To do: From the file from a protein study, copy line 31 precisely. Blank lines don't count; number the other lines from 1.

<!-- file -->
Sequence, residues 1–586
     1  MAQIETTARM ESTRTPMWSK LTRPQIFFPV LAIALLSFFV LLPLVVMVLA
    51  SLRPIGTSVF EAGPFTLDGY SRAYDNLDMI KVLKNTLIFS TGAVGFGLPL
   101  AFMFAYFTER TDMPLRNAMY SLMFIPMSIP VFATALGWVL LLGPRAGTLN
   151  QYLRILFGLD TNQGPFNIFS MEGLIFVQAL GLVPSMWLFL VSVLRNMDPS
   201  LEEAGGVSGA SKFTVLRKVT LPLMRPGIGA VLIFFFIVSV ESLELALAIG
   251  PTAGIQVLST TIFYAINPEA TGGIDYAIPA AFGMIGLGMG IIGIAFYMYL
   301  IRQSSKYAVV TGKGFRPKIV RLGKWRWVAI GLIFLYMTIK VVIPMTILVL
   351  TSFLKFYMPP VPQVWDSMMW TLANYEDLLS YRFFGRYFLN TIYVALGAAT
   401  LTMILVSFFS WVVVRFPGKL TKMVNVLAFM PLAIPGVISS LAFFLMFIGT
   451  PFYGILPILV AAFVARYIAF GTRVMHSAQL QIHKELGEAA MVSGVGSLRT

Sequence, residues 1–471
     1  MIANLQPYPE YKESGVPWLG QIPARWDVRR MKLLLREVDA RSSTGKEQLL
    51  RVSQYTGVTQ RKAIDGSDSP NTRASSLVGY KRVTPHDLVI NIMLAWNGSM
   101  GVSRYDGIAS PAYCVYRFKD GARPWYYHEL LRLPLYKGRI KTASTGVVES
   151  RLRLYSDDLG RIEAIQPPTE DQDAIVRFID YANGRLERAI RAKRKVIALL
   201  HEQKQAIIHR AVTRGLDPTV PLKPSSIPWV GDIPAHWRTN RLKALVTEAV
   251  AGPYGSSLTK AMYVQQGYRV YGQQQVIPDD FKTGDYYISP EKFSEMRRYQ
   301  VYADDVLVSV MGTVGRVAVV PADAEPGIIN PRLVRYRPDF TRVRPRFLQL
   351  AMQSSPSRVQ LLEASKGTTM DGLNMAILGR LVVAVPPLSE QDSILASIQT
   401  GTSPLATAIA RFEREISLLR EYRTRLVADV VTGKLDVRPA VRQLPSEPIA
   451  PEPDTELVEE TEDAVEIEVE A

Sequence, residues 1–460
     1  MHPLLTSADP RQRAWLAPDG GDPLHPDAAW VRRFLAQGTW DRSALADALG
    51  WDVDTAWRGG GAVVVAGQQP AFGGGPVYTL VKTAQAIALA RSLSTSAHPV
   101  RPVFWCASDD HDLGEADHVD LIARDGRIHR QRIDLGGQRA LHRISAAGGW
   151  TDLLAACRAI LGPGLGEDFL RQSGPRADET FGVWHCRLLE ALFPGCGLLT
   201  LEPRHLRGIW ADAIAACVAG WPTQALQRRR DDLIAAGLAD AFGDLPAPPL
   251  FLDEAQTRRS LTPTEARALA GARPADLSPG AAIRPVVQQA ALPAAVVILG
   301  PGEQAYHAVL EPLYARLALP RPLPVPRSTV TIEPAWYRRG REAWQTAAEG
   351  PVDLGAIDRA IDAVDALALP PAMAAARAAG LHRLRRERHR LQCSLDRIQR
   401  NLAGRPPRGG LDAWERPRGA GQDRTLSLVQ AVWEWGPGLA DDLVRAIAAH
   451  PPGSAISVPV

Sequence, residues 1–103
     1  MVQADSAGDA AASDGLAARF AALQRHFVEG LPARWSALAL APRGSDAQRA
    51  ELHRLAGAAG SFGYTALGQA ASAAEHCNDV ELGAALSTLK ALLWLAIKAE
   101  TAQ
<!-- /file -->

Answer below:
   351  PVDLGAIDRA IDAVDALALP PAMAAARAAG LHRLRRERHR LQCSLDRIQR